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Changing of The Guard on Microsoft's SQL Server Team

When I spoke last week with Fausto Ibarra, Microsoft's new director of product management for SQL Server, I asked why move his predecessor Francois Ajenstat (who is now working on Microsoft's green initiatives) off the team before the official RTM of SQL Server 2008? Ibarra explained that the product was officially kicked off in February during the Heroes Happen Hear Launch and the timing was right for the transition.

For Ibarra's part, it's onward and upward to the next release of SQL Server, where, if history should be our guide, will come out somewhere around 2011 -- though to be clear, that's what observers suspect. That didn't come from Ibarra or anyone else at Microsoft. All he would offer up on that front is Microsoft's goal of making it easier to manage all content across multiple tiers ranging from mobile devices to the cloud.

Key to that, he offered, will be Project "Velocity" and SQL Server Data Services. You can read more about Ibarra's plans in his new role here.

Data quality apparently is another key area of focus for SQL Server. The company's announcement this week that it will acquire Israel-based Zoomix gives it entrée into that space. The little-known startup offers what it calls Data Accelerator, server-based software that it says provides a scalable and fast approach to synchronization of critical data.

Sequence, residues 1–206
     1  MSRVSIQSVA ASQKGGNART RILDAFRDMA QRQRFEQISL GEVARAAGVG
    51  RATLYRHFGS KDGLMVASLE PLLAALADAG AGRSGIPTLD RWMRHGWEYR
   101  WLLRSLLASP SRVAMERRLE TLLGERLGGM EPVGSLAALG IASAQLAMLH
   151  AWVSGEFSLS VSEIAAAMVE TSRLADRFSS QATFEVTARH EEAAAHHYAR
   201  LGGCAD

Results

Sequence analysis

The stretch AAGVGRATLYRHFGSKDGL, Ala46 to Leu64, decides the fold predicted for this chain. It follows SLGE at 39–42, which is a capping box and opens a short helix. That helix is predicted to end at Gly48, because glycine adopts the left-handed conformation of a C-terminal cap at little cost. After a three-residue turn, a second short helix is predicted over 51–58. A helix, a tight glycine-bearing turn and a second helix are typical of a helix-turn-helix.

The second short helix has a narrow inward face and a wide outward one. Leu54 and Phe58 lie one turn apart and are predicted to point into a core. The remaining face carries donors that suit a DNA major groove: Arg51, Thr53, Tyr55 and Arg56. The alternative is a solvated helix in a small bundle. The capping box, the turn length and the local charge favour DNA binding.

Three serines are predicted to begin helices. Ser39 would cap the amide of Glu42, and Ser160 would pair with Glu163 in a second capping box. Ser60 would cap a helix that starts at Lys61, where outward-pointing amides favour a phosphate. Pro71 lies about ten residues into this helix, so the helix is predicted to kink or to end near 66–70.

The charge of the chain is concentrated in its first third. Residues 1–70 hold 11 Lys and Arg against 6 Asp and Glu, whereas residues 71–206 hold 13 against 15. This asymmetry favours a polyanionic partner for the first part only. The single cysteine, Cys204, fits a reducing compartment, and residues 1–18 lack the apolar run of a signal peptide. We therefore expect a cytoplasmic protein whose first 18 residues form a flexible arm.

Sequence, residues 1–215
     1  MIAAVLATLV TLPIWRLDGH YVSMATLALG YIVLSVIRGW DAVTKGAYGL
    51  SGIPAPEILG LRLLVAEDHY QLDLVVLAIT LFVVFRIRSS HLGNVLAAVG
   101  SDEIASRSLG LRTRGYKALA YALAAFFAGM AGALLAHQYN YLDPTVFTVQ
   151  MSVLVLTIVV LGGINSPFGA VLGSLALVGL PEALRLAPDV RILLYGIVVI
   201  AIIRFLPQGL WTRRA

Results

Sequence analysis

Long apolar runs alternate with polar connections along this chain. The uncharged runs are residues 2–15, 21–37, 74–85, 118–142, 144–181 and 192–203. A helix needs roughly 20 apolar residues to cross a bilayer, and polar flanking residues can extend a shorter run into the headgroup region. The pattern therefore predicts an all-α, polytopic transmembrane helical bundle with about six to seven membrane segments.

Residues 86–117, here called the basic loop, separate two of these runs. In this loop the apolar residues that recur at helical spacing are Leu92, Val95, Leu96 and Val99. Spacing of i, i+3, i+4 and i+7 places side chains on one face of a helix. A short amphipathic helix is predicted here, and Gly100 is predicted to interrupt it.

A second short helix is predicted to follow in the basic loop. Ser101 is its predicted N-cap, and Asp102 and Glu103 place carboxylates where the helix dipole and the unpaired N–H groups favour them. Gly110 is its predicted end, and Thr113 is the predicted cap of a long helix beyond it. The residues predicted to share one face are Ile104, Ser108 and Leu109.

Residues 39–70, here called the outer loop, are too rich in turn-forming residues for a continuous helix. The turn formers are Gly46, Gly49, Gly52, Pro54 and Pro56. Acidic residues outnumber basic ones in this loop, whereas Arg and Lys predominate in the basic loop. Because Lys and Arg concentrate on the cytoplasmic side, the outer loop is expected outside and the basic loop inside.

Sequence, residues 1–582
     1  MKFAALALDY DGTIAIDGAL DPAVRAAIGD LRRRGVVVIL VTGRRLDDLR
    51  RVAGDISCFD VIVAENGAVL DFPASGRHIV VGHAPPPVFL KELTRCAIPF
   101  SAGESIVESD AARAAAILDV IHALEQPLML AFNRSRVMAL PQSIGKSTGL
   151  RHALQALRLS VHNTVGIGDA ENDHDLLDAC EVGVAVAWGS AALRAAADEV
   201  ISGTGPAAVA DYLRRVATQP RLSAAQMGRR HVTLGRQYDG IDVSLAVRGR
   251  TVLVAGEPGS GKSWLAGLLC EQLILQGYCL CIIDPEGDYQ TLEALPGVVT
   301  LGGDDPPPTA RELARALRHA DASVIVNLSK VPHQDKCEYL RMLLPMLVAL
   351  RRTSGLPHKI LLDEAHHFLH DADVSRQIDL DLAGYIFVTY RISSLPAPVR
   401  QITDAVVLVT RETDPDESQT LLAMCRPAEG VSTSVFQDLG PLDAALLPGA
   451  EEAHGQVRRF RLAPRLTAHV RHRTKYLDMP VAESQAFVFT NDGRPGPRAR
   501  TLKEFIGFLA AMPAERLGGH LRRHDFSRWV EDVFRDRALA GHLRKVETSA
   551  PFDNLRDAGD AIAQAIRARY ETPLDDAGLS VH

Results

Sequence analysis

Data quality is an important aspect for numerous business operations, among them identity management, but it remains to be seen how much of a focus Redmond and its other key rivals will place on this area.

"If any of their customers have a need for a powerful matching engine, Zoomix has a pretty interesting product," says Forrester Research analyst Rob Karel. "It's relatively new; they have some customers but for the most part it's really an early stage technology that Microsoft acquired."

It remains to be seen whether Microsoft's key goal was to acquire the product or the team and presence in Israel, adds Gartner analyst Donald Feinstein. "Instead of buying a major vendor of data quality, they bought a development team in Israel," Feinstein says. "It will pay off in that they get the product that they got to date, but they also get the developers out of it."

Posted by Jeffrey Schwartz on 07/17/2008

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